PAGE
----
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View Full Version : got a new floppy/IDE controller card, but 386 gives me controller fail error. help!!!



Mike Chambers
September 6th, 2006, 12:47 AM
i just got this brand new DTC2280 16-bit ISA multi-I/O controller including floppy and IDE hard drive connections. the reason i got it is so that i can finally take this 20+ year old slow as crap MFM hard drive out of my 386 DX/40 and use a half way decent IDE drive on it so that i have enough room to do an install of debian 2.2 ("potato").

no matter what settings i switch the jumpers on the card and drive to, the computer always says "HDD Controller Failure!" and wants me to hit F1 to resume. i even changed the HDD controller base address jumper, just in case this motherboard's BIOS is looking on 1F0 instead of 170.

i even tried a different, older drive. and i know that both drives are perfectly fine. i just used them in another system over the weekend. i tried both a western digital 3 GB drive and an IBM 256 MB drive.

the card is working just fine on my floppy drive. i can boot off a disk no problem.

even though it was unopened in the box, just to check and make sure i connected it to a spare early pentium motherboard i had sitting around that had an ISA slot. i went into it's BIOS and disabled all onboard drive controllers. sure enough, there was no problem! it saw the drives, and booted right into the DOS install i had on them.

am i just missing something obvious? i don't know what the heck it could be. out of frustration, i even completely reset the 386's CMOS. i was very careful about entering the right info into the BIOS after selecting user type 47 and everything.

if i take out the new card, and put in my old MFM controller then it works great, sure enough.

i just don't know what the deal is! does anybody have any clue?? thank you! this is really starting to frustrate me.

modem7
September 6th, 2006, 04:02 AM
I don't think you're missing anything obvious.

Have you tried powering up the 386 with the only expansion card fitted being the DTC2280 (in case of an inter-card incompatibility)?

What about different slots. Worth a try. It's fixed problems for me in the past.

mbbrutman
September 6th, 2006, 05:37 AM
If the add-in card has it's own BIOS you need to tell the 386 BIOS that no drives are available. That would be drive type 0, not 47.

Right now, the poor thing is trying to boot using the onboard controller.

If you tell it drive type 0, the motherboard BIOS won't try to boot using it's controller. Then as the BIOS scan continues, it will find the ROM BIOS extension on the new controller card and that will attempt to boot the machine. It will either auto-detect the drives or it will have it's own storage area for storing the drive parameters.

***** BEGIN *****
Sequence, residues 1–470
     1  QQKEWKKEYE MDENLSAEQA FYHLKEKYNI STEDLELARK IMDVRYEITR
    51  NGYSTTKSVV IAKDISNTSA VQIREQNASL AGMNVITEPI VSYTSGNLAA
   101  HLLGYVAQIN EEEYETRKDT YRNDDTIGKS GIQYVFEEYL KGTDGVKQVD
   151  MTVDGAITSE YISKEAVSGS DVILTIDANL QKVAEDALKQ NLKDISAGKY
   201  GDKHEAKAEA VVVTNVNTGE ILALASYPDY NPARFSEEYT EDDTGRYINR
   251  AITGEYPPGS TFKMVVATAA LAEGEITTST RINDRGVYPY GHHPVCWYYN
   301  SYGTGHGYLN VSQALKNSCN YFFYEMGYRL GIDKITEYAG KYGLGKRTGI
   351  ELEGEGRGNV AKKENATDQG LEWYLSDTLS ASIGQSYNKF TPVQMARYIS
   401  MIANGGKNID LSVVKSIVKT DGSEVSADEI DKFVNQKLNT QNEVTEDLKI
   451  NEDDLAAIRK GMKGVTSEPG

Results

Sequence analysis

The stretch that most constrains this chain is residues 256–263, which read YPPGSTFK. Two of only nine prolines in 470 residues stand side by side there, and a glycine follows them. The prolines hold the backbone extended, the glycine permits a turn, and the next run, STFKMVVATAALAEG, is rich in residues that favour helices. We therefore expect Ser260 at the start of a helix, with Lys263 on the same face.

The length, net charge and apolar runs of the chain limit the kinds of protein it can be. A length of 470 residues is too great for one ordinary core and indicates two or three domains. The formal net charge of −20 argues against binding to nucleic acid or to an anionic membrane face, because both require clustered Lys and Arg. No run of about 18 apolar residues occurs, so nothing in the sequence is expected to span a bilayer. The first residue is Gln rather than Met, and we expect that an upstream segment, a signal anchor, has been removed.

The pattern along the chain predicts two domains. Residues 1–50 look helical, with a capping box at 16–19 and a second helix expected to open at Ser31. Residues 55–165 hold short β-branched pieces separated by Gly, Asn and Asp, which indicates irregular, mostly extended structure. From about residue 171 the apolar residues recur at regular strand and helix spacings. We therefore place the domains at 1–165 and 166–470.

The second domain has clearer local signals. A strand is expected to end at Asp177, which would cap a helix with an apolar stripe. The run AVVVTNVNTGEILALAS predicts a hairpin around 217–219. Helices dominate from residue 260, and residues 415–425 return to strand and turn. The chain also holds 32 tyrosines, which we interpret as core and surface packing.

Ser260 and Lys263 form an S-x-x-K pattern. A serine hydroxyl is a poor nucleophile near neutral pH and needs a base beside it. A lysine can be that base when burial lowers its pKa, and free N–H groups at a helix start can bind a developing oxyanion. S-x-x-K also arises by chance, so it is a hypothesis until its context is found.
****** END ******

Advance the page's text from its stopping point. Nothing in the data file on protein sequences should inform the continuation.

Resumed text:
This belongs in PC hardware, so that's where I'm moving it.


Mike

Mike Chambers
September 9th, 2006, 11:49 PM
If the add-in card has it's own BIOS you need to tell the 386 BIOS that no drives are available. That would be drive type 0, not 47.

Right now, the poor thing is trying to boot using the onboard controller.

If you tell it drive type 0, the motherboard BIOS won't try to boot using it's controller. Then as the BIOS scan continues, it will find the ROM BIOS extension on the new controller card and that will attempt to boot the machine. It will either auto-detect the drives or it will have it's own storage area for storing the drive parameters.

This belongs in PC hardware, so that's where I'm moving it.


Mike

i don't believe this card has any sort of built-in BIOS. and also, the 386 board i'm using does not have any onboard controllers. i've been using an old MFM/RLL controller board and a seagate ST-251 disk (48 MB) taken out of a 286 machine.

i've messed around with this for days now, and nothing will work. :(

are there any sort of DOS generic IDE drivers i'd have to use? maybe put them on a floppy and boot from that? i've looked for something like that but can't find anything.

this old seagate drive is starting to go bad and i won't be able to use it much longer. there are a few physically damaged sectors on it, and i had scandisk mark them as bad for now but the internal media is just going to keep getting worse before it gets any better. i'm really surprised this drive works at all any more.

modem7
September 10th, 2006, 12:46 AM
I have a few variants of the classic Western Digital hard disk controllers that are intended for the IBM AT (or close compatibles). Some of the boards don't work in some of my 386's. In those 386's, cheap Taiwanese hard disk controllers work fine.
I just put it down to an incompatibility. Chief suspect for me is ISA bus speed. For example, some of the IBM boards for the PC/XT don't work in an AT - not because of IO ports / DMA / IRQ issues, but because the boards just weren't designed for the higher ISA bus speeds of the AT.

I know your board works okay in the early model Pentium, but perhaps that Pentium is running the ISA bus at a lower speed (for compatibility reasons).

I's just a another possibility.

mbbrutman
September 10th, 2006, 06:38 AM
Something doesn't add up here.

I don't expect the 386 to have an onboard controller, but the BIOS routines to operate a hard disk will be built into the BIOS of the machine. That's just the way ATs work.

If you put a card in that does not have it's own BIOS, set the CMOS settings on the 386 to the correct drive time (or user defined type) and it should be fine. Anything bad that happens after that is either bad cabling, bad jumpering on the card, or a bad drive.

If the card does have it's own BIOS then you have to disable the BIOS built into the motherboard by setting the CMOS drive types to 0. Some cards, like the Promise cards might want you to set the CMOS drive type to 1 instead. During the boot process the card will get a chance to 'sneak in' first before the machine tries to boot the hard drive because the BIOS on the card will be found doing the BIOS extension scan. At that time the BIOS on the card will replace the built-in BIOS routines on the motherboard.

If that phase happens correctly and you are still busted, then it's the card, jumpers, drive or cabling (again).

When I said 'the poor thing is trying to boot from it's own onboard controller', I meant that the poor thing was using it's BIOS routines. If there is no onboard controller or a controller in a slot that can be found, that would explain your error messages.